Keeping up with technology is expensive - ven when it comes to headphones. But would you ever buy used?
When asked by Consumer Reports, some said they would buy used to save money, while others said they wouldn't buy something that was in someone else's ear.
It's not as unusual as you might think.
"An easy way to save money on headphones is to buy refurbished. You can get a great pair in perfectly good working order for a lot less than what you'd pay for new ones," says Consumer Reports Tech Editor, Thomas Germain.
Consumer Reports has recommended refurbished products for years. It's a great way to save on electronics, like phones and computers.
And they say some of Consumer Report's highly-rated headphone models can be as much as 50-percent off regular price.
"Refurbished headphones have usually been returned by another person. It could be because they didn't like them, or, in some cases, they needed a repair. But no matter what was wrong with them originally, by the time you get them they should be good as new," says Germain.
But they may not be in their original packaging.
So, where can you find them?
"When you're shopping for refurbished headphones, the best case scenario is you can get them directly from the manufacturer. But we've seen the best selections at places like Amazon, Best Buy and Walmart," says Germain.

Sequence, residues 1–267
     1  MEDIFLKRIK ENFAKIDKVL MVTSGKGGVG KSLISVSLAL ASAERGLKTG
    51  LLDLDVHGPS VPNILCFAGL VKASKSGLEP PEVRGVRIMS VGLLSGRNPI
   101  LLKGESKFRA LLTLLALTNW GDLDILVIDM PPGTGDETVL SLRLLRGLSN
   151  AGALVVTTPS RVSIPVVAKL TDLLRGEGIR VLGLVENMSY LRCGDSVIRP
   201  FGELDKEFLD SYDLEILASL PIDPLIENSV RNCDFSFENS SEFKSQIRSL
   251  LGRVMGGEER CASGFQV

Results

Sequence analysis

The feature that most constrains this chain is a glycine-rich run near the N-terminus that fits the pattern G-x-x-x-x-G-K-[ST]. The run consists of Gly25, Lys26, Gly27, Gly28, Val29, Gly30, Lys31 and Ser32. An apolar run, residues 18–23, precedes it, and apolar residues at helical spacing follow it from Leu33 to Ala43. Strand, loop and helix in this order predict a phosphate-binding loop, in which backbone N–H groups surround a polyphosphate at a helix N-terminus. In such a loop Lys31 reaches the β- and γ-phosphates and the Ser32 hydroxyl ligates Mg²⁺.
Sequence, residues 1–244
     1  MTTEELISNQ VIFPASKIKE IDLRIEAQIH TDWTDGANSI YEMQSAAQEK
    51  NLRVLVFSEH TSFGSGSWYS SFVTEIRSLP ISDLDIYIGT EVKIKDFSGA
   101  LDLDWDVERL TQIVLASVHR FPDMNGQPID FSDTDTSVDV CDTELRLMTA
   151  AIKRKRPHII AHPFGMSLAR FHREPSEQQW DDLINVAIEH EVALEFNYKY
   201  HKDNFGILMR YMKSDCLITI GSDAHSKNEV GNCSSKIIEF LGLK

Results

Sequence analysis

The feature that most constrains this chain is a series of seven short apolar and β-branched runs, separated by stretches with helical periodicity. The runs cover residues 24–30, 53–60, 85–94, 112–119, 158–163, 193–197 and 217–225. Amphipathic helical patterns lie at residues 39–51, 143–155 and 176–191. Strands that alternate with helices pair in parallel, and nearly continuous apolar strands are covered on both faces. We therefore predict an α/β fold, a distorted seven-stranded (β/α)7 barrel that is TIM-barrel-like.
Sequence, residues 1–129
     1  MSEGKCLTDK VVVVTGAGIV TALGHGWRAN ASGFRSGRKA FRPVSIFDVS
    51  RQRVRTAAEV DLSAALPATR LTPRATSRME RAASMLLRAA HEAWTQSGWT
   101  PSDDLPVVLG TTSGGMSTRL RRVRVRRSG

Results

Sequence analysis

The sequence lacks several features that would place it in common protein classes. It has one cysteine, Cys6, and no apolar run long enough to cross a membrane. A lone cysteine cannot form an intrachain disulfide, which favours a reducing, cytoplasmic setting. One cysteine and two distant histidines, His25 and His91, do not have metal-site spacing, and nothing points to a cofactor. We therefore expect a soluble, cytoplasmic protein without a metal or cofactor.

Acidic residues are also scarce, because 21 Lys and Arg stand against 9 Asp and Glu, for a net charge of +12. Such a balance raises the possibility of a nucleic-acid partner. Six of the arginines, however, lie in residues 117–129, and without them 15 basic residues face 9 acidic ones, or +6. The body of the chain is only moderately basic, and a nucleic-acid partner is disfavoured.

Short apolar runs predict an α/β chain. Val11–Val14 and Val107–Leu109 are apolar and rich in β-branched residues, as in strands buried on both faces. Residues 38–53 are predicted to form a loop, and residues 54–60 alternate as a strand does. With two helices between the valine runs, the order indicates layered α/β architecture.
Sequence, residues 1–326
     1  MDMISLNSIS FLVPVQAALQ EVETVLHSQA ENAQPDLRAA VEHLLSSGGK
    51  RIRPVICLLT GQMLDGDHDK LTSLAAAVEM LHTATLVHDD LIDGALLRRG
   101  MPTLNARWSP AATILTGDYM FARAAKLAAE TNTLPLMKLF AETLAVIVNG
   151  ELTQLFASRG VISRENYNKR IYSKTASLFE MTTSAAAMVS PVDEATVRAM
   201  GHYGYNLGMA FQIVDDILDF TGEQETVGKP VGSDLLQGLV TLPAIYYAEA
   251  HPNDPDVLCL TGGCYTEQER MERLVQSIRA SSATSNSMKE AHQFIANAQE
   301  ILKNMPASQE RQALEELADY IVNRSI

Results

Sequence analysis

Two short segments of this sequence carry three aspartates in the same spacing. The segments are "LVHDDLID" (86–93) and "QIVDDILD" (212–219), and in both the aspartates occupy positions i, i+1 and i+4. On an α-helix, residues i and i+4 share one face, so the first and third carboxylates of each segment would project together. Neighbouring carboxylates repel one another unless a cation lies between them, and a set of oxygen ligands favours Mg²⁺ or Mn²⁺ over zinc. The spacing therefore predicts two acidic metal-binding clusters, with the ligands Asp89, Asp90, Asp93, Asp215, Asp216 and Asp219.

Some retailers even have programs for refurbished products.
"Amazon has an entire Renewed Department with products that are guaranteed to look and function just like new," says Germain.
Best Buy has its Geek Squad Certified Refurbished program with the company's standard 15-day return policy.
No matter where you shop, make sure to check the details out before buying and make sure you can return them if something is wrong.
Consumer Reports does caution consumers to do their research before buying anything refurbished from a company they've never heard of because it can be hard to know exactly what you're getting.
For more information:
Consumer Reports: Great refurbished headphones
Consumer Reports: Should you buy refurbished electronics?
Consumer Reports: Buying refurbished headphones